that the first person and the third person have. Now assuming* that the two
protagonists are from the same family or tribe : that they are friends or
colleagues (the usual situation) the information would probably be shared.


[ *Also assuming that the item under discussion is important. But actually
to say this is not needed. If the item under consideration was unimportant,
nobody would be talking about it, would they? ]


(C) S 1 0 ... This one is my favourite. I consider it pretty unstable ...
humans are a gregarious lot and like to share information. In English there
are two particles used to tag a S 1 0 noun : both "a" and "this".


When physically introducing a new item to a person it is common to use
"this". For example "come and look at this colourful little insect". Well
of course "this" core meaning is/was for drawing the hearers attention to
something near the speaker. The hearer typically being further away from
the object. Right away you get connotations of ... "seen better by the
speaker" => "understood better by the speaker" => perhaps "known only by
the speaker" and hence in modern day English "this" is used for introducing
an unseen  S 1 0 object. And just as when you introduce a visible object
with "this", when you introduce a distant object with "this", the
expectation is that you are going to talk a bit about the object ... to
make it from a S  1  0  to a  S  1  1 .


If you heard from an acquaintance "during my trip to Budapest I met
*this *really
nice girl" you would expect to hear quite a bit about her. Whereas if you
heard "during my trip to Budapest I met a really nice girl" there would be
no such expectations. Maybe the latter sentence was a reply to you saying
"all hungarian girls are unfriendly to foreigners" ... "during my trip to
Budapest I met a really nice girl" is just your acquaintance rebutting your
assertion.


So I would say, an S  1  0  object, when tagged with "this", is likely to
change into a S  0  0  object. While an S  1  0  object, when tagged with
"a", is more likely to stay an S  1  0  object.  However these are just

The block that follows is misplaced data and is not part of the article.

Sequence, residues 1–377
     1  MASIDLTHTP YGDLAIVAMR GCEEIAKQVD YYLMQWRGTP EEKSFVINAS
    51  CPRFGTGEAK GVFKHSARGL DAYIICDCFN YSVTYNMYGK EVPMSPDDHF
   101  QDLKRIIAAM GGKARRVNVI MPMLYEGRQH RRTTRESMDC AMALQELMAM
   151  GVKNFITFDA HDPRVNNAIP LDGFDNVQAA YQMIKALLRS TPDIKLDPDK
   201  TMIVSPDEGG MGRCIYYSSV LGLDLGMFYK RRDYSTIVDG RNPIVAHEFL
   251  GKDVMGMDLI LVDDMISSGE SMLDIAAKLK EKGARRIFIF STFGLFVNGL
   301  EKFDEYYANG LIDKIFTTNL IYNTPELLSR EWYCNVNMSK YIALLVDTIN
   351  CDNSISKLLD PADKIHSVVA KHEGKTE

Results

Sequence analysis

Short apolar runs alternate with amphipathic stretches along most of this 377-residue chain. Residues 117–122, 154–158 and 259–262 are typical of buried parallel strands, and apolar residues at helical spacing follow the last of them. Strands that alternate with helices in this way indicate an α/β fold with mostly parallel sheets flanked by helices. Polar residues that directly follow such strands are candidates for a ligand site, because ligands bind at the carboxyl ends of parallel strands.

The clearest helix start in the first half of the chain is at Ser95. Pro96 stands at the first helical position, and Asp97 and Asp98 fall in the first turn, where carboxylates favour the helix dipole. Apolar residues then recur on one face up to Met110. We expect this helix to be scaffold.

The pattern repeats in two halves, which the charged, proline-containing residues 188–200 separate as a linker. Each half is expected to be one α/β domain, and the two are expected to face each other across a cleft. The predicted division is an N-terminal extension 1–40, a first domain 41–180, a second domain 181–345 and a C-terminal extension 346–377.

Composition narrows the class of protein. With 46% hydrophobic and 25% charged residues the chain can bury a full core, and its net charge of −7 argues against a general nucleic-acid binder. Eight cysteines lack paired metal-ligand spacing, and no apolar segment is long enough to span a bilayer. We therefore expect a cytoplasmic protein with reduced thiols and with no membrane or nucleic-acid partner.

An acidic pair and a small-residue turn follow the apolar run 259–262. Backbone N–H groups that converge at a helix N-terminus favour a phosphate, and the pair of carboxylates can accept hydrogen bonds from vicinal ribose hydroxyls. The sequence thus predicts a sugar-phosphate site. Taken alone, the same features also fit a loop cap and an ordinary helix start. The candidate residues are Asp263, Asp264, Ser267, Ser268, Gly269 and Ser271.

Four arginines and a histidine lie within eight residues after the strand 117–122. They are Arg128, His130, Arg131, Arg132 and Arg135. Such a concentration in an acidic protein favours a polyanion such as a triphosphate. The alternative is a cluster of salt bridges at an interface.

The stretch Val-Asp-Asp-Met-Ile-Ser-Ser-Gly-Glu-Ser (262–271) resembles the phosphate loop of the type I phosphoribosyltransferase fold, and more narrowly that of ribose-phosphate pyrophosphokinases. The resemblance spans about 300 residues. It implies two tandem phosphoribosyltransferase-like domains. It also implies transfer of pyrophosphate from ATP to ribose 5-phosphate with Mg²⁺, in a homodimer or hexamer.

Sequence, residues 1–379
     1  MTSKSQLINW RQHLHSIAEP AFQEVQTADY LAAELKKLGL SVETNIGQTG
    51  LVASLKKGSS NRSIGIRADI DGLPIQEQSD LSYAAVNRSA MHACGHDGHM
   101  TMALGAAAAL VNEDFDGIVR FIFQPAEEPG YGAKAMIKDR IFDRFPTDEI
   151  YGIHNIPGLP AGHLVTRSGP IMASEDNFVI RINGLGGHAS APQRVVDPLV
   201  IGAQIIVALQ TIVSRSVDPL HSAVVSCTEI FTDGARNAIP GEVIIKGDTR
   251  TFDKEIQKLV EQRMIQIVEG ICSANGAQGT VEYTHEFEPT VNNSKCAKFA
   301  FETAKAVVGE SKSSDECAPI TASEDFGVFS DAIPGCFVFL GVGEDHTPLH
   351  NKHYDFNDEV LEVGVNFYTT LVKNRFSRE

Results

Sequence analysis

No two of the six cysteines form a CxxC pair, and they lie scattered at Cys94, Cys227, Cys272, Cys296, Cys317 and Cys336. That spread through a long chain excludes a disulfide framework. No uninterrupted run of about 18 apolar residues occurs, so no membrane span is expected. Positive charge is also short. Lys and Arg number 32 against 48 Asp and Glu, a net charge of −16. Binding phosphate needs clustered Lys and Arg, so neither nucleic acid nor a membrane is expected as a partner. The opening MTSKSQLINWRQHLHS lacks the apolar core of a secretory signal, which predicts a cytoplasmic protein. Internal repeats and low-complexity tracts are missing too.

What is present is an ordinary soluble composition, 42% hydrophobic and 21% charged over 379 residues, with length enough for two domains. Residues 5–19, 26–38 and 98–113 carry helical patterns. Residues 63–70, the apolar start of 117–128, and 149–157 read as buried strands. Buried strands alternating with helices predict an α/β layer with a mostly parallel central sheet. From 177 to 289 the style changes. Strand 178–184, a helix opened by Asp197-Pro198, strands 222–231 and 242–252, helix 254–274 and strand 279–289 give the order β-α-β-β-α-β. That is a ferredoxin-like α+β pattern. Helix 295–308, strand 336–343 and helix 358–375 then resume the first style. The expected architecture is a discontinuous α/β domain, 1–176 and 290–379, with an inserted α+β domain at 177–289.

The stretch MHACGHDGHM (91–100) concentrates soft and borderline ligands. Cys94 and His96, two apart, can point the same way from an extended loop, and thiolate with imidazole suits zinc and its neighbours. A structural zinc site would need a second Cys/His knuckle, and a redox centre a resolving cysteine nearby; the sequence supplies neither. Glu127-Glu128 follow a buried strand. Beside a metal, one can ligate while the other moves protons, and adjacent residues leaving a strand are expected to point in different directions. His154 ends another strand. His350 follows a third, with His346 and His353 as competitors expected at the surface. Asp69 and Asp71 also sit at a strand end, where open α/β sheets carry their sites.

tendencies, not rules. There is nothing wrong with introducing an S  1  0
object with "this" and then saying nothing more about it, and there is
nothing wrong with introducing an S  1  0  object with "a" and then
expanding on it.


I am going to mark S  1  0  objects tagged by "this" as "unstable". By that
I mean they are likely to change into S  1  1  objects.

I am going to mark S  1  0  objects tagged by "a" as "stable". That is they
are likely to remain S  1  0  objects.


Now you should have figured out what I meant by "stable" in situations (A)
and (B).


OK ... we have covered the first three situations. The remaining 3
situations are quite different. They all engender questions*. So instead of
the objects being tagged with "the"/"a"/"this", they are sought. They are
SOUGHT. Sought with "who"/"what"/"which".


* Well they engender questions only if they are deemed significant, if they
are considered insignificant : only part of the background of the message,
then they would continue to be referred to marked (somehow) as unknown.


(D) S 1 X ... Pretty unstable. The speaker will want to ascertain if the
hearer can identify the object that he wants to discuss. So he ask question
to that effect. If the hearer replies in the affirmitive then immediately
the situation changes :

              (S 1 X  =>  S 1 1).  If the hearer replies in the negative,
the speaker will, in all probability, enlighten him. A two stage process
leading to the same result  : (S 1 X  =>  S 1 0  =>  S 1 1)


NB .... where as in (C) the speaker will use "this" if he intends to talk
more about a certain object. In (D) the speaker might use "that" in a
question to ascertain if the situation is S 1 1  or  S 1 0 *. For example
"do you remember that girl that was really freaking out at her boyfriend
last night" **.  In this case "girl" is S 1  1  but maybe she is not that
prominent in the hearers memory. The reason for  "Do you remember that girl
that was really freaking out at her boyfriend last night" is to raise
awareness of the girl in the hearer's mind ... to make her a solid S 1  1
(as opposed to a  S  1  0.5  or  a  S  1   0.3  ..... or even  S  1  X  if
the hearers attention was wondering the night before).


*  I find it pretty neat how the usage of "that" in (D) mirrors the usage
of "this"  in (C).


** This is a good time to point out that we are not talking digital here